21st of October 2014
 
Hansel and Gretel

Hansel and Gretel

15th of October 2014
 
meetyourinnerstrength:

Omg
 
 

(Source: kisslng, via exoticwild)

 
Give up the notion that you must be sure of what you are doing. Instead, surrender to what is real within you, for that alone is sure. 
Baruch Spinoza (via exoticwild)

(Source: likeafieldmouse, via exoticwild)

 
 

Christian likes warm laps on rainy days. You can see Kong hanging out too.

12th of October 2014
 
canigetawitnessblog:

Jennifer Love Grove uses her experiences as a former Jehovah’s Witness in her novel “Watch How We Walk.”
Book description:

Alternating between a woman’s childhood in a small town and as an adult in the city, this novel traces a Jehovah Witness family’s splintering belief system, their isolation, and the erosion of their relationships. As Emily becomes closer to her closeted Uncle Tyler, she begins to challenge her upbringing. Her questions about the Jehovah’s Witnesses’ insular lifestyle, rigid codes of conduct, and tenets of their faith haunt her older sister Lenora too. When Lenora disappears, everything changes and Emily becomes obsessed with taking on her sister’s identity, believing that Lenora is controlling her actions. Ultimately, Emily finds release through self-mutilation. The narrative offers a haunting, cutting exploration of the Jehovah’s Witness practice and practical impact of “disfellowshipping,” proselytization, and cultural abstinence, as well as their attitude toward the “worldlings” outside of their faith. Sparse, vivid, menacingly suspenseful, and darkly humorous, Watch How We Walk simultaneously engages on emotional, visceral, and intellectual levels.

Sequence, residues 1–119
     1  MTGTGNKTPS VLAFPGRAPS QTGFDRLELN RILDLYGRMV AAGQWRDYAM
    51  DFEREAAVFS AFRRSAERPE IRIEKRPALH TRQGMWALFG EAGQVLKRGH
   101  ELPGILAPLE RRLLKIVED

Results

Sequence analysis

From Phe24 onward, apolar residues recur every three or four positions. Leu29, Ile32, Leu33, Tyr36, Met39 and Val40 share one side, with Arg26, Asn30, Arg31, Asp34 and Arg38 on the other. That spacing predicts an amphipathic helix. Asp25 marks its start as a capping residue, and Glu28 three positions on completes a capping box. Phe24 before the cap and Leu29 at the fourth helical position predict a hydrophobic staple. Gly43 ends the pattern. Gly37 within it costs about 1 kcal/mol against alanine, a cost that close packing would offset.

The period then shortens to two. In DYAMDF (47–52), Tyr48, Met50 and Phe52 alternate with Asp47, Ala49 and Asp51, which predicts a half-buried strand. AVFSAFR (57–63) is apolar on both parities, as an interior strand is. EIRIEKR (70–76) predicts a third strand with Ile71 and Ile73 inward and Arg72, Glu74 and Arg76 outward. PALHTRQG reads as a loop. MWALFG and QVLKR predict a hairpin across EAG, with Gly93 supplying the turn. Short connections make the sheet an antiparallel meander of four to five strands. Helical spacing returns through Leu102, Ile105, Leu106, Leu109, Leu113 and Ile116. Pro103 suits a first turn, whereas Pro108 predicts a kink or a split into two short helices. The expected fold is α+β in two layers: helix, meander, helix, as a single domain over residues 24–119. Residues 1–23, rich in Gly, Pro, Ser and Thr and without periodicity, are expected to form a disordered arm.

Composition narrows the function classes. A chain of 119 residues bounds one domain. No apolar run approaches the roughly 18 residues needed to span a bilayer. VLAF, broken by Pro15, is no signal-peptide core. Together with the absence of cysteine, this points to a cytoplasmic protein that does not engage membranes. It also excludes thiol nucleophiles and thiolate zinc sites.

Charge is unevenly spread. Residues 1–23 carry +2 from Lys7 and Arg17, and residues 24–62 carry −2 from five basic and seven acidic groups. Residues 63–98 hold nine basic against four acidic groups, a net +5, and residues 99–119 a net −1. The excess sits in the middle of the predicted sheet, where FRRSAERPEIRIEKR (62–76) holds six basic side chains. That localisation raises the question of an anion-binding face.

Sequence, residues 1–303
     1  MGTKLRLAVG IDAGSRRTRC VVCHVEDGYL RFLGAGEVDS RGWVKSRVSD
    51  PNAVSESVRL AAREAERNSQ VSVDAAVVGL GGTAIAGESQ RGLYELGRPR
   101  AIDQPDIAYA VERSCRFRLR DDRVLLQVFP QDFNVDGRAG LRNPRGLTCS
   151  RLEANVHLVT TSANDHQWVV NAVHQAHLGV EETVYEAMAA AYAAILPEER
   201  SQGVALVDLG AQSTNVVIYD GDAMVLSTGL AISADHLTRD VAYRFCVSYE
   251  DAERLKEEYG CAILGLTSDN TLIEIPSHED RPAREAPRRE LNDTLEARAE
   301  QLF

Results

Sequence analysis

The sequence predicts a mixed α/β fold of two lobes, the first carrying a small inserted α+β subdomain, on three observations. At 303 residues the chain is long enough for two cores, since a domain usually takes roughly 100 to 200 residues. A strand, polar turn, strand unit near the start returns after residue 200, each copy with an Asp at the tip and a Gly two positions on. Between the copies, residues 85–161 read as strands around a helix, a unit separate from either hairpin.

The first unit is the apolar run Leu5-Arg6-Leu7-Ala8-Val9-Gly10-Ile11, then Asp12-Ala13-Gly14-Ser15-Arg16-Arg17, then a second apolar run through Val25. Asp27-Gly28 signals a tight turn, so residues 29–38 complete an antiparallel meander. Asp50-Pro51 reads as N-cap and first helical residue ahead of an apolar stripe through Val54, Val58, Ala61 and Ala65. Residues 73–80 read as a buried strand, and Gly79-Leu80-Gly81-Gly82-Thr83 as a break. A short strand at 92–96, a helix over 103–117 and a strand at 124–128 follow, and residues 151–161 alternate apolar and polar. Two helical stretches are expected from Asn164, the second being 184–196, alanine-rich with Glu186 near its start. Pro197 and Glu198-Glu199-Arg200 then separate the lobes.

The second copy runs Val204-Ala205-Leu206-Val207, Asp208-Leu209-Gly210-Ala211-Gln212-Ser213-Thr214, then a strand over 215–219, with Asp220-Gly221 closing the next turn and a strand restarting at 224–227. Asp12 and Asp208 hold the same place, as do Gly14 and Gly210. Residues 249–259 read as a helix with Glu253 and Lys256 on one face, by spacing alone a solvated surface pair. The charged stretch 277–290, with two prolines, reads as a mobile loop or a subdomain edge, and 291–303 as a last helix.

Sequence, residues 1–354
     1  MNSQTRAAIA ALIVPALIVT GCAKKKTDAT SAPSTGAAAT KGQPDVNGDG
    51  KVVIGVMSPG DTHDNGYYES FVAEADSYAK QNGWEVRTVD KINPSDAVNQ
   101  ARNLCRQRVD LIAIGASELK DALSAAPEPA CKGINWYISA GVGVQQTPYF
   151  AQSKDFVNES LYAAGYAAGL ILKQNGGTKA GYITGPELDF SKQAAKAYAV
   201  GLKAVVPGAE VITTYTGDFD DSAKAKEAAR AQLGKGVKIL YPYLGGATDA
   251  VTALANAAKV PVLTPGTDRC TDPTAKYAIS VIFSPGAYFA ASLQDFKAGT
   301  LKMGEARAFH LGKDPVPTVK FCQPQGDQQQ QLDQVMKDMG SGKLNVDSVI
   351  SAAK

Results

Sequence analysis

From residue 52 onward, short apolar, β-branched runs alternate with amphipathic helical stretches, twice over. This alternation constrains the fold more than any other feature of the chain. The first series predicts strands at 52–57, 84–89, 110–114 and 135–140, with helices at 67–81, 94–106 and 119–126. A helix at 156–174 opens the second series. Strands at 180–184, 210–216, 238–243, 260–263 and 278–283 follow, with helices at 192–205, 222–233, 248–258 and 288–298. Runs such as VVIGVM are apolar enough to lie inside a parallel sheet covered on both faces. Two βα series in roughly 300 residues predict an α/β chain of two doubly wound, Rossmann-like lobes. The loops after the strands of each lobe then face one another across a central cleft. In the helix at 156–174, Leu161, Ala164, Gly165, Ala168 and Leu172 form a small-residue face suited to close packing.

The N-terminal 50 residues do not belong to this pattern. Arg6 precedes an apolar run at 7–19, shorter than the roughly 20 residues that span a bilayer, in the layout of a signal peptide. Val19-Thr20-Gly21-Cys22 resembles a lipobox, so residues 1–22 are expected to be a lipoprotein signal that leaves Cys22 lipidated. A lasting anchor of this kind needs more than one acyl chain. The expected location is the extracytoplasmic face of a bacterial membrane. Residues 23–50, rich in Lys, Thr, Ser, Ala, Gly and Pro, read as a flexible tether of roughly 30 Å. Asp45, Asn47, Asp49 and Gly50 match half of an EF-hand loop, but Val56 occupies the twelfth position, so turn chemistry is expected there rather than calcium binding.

canigetawitnessblog:

Jennifer Love Grove uses her experiences as a former Jehovah’s Witness in her novel “Watch How We Walk.”

Book description:

Alternating between a woman’s childhood in a small town and as an adult in the city, this novel traces a Jehovah Witness family’s splintering belief system, their isolation, and the erosion of their relationships. As Emily becomes closer to her closeted Uncle Tyler, she begins to challenge her upbringing. Her questions about the Jehovah’s Witnesses’ insular lifestyle, rigid codes of conduct, and tenets of their faith haunt her older sister Lenora too. When Lenora disappears, everything changes and Emily becomes obsessed with taking on her sister’s identity, believing that Lenora is controlling her actions. Ultimately, Emily finds release through self-mutilation. The narrative offers a haunting, cutting exploration of the Jehovah’s Witness practice and practical impact of “disfellowshipping,” proselytization, and cultural abstinence, as well as their attitude toward the “worldlings” outside of their faith. Sparse, vivid, menacingly suspenseful, and darkly humorous, Watch How We Walk simultaneously engages on emotional, visceral, and intellectual levels.

 
Someone’s therapist knows all about you. 
 
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